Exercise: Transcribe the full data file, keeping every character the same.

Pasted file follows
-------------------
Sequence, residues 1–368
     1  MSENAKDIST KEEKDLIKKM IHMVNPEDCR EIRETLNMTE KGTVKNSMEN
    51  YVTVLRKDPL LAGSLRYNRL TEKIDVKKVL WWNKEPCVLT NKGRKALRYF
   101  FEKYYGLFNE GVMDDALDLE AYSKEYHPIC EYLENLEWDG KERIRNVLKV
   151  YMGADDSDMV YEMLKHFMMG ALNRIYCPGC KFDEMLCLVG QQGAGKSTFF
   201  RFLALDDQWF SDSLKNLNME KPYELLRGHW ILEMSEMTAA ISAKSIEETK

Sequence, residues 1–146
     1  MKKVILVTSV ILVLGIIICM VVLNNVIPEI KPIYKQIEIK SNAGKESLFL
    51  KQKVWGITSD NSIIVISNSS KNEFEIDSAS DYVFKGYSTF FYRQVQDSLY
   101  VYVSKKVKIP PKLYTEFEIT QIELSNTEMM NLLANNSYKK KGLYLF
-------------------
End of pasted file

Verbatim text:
Sequence, residues 1–368
     1  MSENAKDIST KEEKDLIKKM IHMVNPEDCR EIRETLNMTE KGTVKNSMEN
    51  YVTVLRKDPL LAGSLRYNRL TEKIDVKKVL WWNKEPCVLT NKGRKALRYF
   101  FEKYYGLFNE GVMDDALDLE AYSKEYHPIC EYLENLEWDG KERIRNVLKV
   151  YMGADDSDMV YEMLKHFMMG ALNRIYCPGC KFDEMLCLVG QQGAGKSTFF
   201  RFLALDDQWF SDSLKNLNME KPYELLRGHW ILEMSEMTAA ISAKSIEETK

Sequence, residues 1–146
     1  MKKVILVTSV ILVLGIIICM VVLNNVIPEI KPIYKQIEIK SNAGKESLFL
    51  KQKVWGITSD NSIIVISNSS KNEFEIDSAS DYVFKGYSTF FYRQVQDSLY
   101  VYVSKKVKIP PKLYTEFEIT QIELSNTEMM NLLANNSYKK KGLYLF